"They knew that the cold storage time had an impact on the outcome of the transplant so they didn't want to be pulling organs from one part of the country in those days and putting them in on the other coast into their patients. They tried to develop systems or regions so that organs when they were recovered by the organ procurement organizations as they were being developed could get placed into the patients on the transplant lists that were closest in proximity to get the best possible outcome," Mulligan explains.
"As the success of organ transplant continued, we could see that the ability for preserving these organs improved, the ability to do the transplants improved, the outcomes improved, and more and more centers started to perform liver transplants and there became a need for a more developed and complex way of trying to approve the allocation for these organs to get to their patients."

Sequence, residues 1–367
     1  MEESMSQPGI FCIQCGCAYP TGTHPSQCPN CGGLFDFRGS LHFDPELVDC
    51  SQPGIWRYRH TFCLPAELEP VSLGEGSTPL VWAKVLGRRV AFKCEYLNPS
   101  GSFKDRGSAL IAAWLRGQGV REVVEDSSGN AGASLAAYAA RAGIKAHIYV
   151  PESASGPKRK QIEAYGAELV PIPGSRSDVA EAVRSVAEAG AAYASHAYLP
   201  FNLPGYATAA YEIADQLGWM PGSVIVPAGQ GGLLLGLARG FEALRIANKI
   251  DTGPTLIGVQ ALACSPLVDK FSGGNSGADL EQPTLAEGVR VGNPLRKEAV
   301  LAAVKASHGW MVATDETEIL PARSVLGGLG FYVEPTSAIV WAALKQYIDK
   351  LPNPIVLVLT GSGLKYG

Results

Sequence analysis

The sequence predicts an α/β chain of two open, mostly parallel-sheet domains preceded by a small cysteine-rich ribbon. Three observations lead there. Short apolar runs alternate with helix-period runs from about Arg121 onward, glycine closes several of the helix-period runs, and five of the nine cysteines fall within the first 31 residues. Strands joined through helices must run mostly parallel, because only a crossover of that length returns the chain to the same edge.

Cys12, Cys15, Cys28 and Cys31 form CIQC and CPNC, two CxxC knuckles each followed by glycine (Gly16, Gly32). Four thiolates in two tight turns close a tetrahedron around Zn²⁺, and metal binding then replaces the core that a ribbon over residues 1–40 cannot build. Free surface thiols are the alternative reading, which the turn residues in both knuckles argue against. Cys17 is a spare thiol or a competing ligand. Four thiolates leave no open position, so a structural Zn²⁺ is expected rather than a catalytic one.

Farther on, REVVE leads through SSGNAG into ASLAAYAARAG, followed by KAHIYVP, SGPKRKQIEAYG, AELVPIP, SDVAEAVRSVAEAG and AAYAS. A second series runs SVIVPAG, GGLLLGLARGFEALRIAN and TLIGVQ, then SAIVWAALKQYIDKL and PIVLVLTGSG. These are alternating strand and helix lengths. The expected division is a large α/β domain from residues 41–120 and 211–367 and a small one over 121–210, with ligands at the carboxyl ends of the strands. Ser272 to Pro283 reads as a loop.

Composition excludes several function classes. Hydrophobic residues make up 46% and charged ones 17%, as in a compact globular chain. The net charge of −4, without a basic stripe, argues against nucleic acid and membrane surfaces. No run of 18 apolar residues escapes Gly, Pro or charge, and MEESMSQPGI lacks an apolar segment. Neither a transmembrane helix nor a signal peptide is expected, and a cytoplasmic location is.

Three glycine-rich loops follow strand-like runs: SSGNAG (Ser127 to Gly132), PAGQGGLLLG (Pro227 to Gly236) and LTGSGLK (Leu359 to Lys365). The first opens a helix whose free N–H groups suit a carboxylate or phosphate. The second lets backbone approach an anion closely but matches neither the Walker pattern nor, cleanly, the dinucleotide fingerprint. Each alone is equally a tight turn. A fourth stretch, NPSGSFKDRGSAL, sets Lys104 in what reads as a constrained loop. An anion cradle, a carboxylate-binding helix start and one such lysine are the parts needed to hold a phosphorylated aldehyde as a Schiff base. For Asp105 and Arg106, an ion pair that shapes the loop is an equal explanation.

Dorry L. Segev, MD, an associate professor of surgery and epidemiology at the Johns Hopkins University School of Medicine is the author of a report that examines the use of mathematical formulas to create a more equitable distribution, which he calls "gerrymandering for the public good."
"We have applied to transplantation the same math used for political redistricting, school assignments, wildlife preservation and zoning issues," Segev said in a media release. His report was published this month online in the American Journal of Transplantation.